The disclosure of information required of arbitrators is becoming increasingly onerous. But how far must arbitrators go in disclosing their agendas, mandates and lists of acquaintances?
The ICC Rules of Arbitration
The International Chamber of Commerce (the "ICC"), one of the leading institutions for administering international commercial arbitration, has been paying particular attention to this issue. Like almost all arbitral institutions, the ICC requires arbitrators to be both independent and impartial.1 Article 7(2) of the ICC Rules of Arbitration requires that all prospective arbitrators "sign a statement of independence and disclose in writing to the Secretariat any facts or circumstances which might be of such a nature as to call into question the arbitrator's independence in the eyes of the parties."2 The Secretariat then provides this information directly to the parties for comments.3
The IBA Guidelines
Most national lex arbitri and institutional rules of arbitration require that arbitrators be independent of the parties and their representatives, and impartial vis-à-vis the issue in dispute, that is, free of prejudice or prejudgment.4 While these are, properly speaking, "states of mind", which may be difficult to define with precision, the practice that has evolved internationally reflects a certain level of consistency.5 This practice was skilfully collated by a working group of international arbitration experts into the IBA Guidelines on Conflicts of Interest in International Arbitration (the "IBA Guidelines").6 Part I of the IBA Guidelines provides seven principal "General Standards" on independence and impartiality. Part II sets out the "Application Lists", which are three colour-coded "lists of specific situations that, in the view of the Working Group, do or do not warrant disclosure or disqualification of an arbitrator."7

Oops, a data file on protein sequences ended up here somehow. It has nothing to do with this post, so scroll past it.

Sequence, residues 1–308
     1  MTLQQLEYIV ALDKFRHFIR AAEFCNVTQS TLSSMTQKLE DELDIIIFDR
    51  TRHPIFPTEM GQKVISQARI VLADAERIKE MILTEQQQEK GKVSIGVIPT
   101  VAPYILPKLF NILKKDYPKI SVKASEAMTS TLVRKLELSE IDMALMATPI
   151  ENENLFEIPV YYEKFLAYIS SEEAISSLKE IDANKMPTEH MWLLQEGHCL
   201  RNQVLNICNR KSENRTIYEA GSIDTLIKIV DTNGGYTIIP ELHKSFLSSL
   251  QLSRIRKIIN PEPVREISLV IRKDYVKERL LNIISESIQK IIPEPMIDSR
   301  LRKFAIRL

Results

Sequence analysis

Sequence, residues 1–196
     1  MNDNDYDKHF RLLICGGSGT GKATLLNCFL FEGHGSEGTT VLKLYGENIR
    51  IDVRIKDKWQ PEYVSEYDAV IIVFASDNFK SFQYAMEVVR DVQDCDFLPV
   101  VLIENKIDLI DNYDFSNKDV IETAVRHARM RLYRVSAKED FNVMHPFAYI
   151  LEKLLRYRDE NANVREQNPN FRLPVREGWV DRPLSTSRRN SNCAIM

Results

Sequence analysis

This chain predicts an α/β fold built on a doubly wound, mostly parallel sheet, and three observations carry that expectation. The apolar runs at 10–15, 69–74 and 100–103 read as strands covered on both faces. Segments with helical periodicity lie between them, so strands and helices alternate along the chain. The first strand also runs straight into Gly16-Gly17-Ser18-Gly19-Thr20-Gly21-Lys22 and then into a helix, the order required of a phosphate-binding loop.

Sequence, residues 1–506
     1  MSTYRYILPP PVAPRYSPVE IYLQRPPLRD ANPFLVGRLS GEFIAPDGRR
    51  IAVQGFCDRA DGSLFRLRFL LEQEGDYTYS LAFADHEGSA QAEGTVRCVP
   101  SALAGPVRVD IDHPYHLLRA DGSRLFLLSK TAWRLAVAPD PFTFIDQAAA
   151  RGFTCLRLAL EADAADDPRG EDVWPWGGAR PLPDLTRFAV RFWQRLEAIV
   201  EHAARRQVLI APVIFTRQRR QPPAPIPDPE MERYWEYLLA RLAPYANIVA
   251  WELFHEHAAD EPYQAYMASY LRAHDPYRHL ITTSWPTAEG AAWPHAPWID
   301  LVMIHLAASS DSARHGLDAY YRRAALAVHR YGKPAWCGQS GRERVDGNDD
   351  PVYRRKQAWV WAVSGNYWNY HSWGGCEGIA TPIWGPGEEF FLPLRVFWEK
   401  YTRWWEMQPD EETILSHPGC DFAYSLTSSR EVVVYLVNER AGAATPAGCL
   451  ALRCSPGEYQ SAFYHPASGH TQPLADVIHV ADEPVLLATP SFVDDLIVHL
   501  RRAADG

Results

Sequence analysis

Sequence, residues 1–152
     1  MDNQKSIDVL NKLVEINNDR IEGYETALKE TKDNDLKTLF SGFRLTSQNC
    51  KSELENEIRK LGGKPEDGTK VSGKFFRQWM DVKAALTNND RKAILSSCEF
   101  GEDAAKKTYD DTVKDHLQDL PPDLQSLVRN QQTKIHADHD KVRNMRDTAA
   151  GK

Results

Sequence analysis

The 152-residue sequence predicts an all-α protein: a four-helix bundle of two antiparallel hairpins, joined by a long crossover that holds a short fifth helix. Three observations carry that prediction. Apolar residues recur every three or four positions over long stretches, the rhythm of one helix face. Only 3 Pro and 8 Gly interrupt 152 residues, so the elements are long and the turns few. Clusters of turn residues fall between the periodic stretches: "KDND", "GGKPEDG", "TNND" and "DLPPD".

Nevertheless, much continues to be written about the increasing number of challenges to the independence and impartiality of arbitrators. Whereas the sanctity and legitimacy of alternative dispute resolution rests, at least in part, on the independence and impartiality of its decision makers, many practitioners have come to view this aspect of international arbitration as a headache, even a migraine. Those practising in the field as counsel may find that such challenges have become nothing more than bad faith attempts to invalidate unfavourable results, while those acting as arbitrators resent the scrutiny of their current agendas and past affairs, professional and otherwise.
The Statement of Independence Required for ICC Arbitrations
The ICC, for one, issued a new "Statement of Acceptance, Availability and Independence" in August 2009 which dramatically broadened - or at least explicitly specified - the nature and amount of information prospective arbitrators must disclose. In particular, prospective arbitrators are asked to relate "any past or present relationship, direct or indirect, between [them] and any of the parties, their related entities or their lawyers or other representatives, whether financial, professional or of any other kind."8 The form also states that "[a]ny doubt must be resolved in favour of disclosure. Any disclosure should be complete and...